b a(T −t0 ) (e − 1), 2a

n = 0, 1, 2, . . . , N,

(10.6)

where a is an upper bound for |fy (t, y)| in R and b is an upper bound for |y  (t)| on t0 ≤ t ≤ T . 10.8 Remarks. (i) When the exact solution y(t) is not known, the second-order derivative of y is computed (by means of the chain rule applied to the right-hand side of the DE in (10.1)) as y  (t) = ft (t, y(t)) + fy (t, y(t))y  (t) = ft (t, y(t)) + fy (t, y(t))f (t, y(t)). In such cases, an upper bound for |y  (t)| may be difficult to find. (ii) Theorem 10.7 has only theoretical importance since, in practice, the upper bound it provides for En turns out to be much larger than the actual error. (iii) Estimate (10.6) shows that the Euler method is of order 1, which means that, according to Remark 10.6, the global truncation error is proportional to h. If h is reduced by a factor, then En and Enp are expected to be reduced, roughly, by the same factor. (iv) If h is not sufficiently small, the Euler method may become unstable; that is, the global truncation error may become very large as h → 0. 10.9 Example. It is easy to see that the function f in Example 10.2 satisfies the conditions in Theorem 10.7. Since fy (t, y) = −1,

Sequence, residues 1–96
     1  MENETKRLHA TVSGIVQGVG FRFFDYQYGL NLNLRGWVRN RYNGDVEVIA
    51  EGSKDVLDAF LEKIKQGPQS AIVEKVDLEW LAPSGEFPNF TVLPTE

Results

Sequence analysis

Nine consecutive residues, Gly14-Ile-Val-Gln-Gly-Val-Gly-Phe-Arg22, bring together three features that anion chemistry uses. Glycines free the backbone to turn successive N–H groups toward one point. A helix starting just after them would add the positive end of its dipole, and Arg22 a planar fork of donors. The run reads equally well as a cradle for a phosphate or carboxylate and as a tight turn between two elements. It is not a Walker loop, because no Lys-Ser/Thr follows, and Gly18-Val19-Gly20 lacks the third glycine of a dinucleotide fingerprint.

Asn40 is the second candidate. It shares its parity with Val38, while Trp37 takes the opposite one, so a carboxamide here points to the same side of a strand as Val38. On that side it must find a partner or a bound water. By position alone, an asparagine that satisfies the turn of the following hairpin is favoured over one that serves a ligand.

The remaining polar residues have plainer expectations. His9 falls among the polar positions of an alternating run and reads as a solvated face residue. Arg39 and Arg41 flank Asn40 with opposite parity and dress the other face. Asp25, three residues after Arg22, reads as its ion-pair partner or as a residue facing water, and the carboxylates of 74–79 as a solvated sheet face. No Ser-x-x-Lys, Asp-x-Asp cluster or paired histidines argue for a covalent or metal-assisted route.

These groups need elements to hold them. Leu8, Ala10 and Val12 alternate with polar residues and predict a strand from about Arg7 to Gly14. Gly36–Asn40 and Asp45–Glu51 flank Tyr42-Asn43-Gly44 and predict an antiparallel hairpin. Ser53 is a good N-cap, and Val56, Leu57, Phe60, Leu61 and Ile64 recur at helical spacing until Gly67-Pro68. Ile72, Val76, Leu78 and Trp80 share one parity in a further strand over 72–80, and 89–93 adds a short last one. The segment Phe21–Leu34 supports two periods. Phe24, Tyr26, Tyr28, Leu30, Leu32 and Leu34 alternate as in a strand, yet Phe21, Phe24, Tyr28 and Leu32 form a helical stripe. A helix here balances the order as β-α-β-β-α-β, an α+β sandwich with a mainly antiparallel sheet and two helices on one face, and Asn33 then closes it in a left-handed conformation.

y  (t) = −8e−2t ,

we have a = 1 and b = 8, so (10.6) with t0 = 0, T = 1, and h = 0.2 yields the error estimate En ≤ 0.8(e − 1) = 1.3744, which is at least five times larger than the actual global truncation errors computed from the data in Table 10.1.

252

10 Numerical Methods

Exercises Use the Euler method to construct approximations of the solution of the IVP (10.1) with function f , interval t0 ≤ t ≤ T , IC, and step sizes h as indicated. Where the exact solution y is given, also compute the relative percent error. Illustrate the computation graphically. 1

f (t, y) = (t − 2)et + y, y(0) = 1, 0 ≤ t ≤ 3.2, h = 0.32, 0.16, 0.032; y(t) = (t2 − 4t + 2)et /2.

2

f (t, y) = sin(4t) − 2y, y(0) = −1, 0 ≤ t ≤ 2, h = 0.2, 0.1, 0.02; y(t) = [−8e−2t − 2 cos(4t) + sin(4t)]/10.

3

f (t, y) = (t + 1)(y + 2), y(0) = −1, 0 ≤ t ≤ 1, h = 0.1, 0.05, 0.01; y(t) = et+t

4

2

/2

− 2.

f (t, y) = 2(t + 1) cos2 y, y(0) = 0, 0 ≤ t ≤ 1, h = 0.1, 0.05, 0.01; y(t) = tan−1 (t2 + 2t).

5

f (t, y) = 3y − ty 2 , y(0) = 1, 0 ≤ t ≤ 1, h = 0.1, 0.05, 0.01; y = 9e3t /[(3t − 1)e3t + 10].

6

f (t, y) = 1 − t + (t + y)1/2 , y(0) = 1, 0 ≤ t ≤ 8, h = 0.8, 0.4, 0.08.

7

f (t, y) = (1 − ty)/(y − 4), y(0) = 0, 0 ≤ t ≤ 4, h = 0.4, 0.2, 0.04.

8

f (t, y) = 1 + t − tey , y(0) = 1.5, 0 ≤ t ≤ 2, h = 0.2, 0.1, 0.02.

9

f (t, y) = 2ty − e−t−y , y(0) = 0, 0 ≤ t ≤ 1, h = 0.1, 0.05, 0.01.

10

f (t, y) = 2 cos(ty) − t, y(0) = 1, 0 ≤ t ≤ 5, h = 0.5, 0.25, 0.05.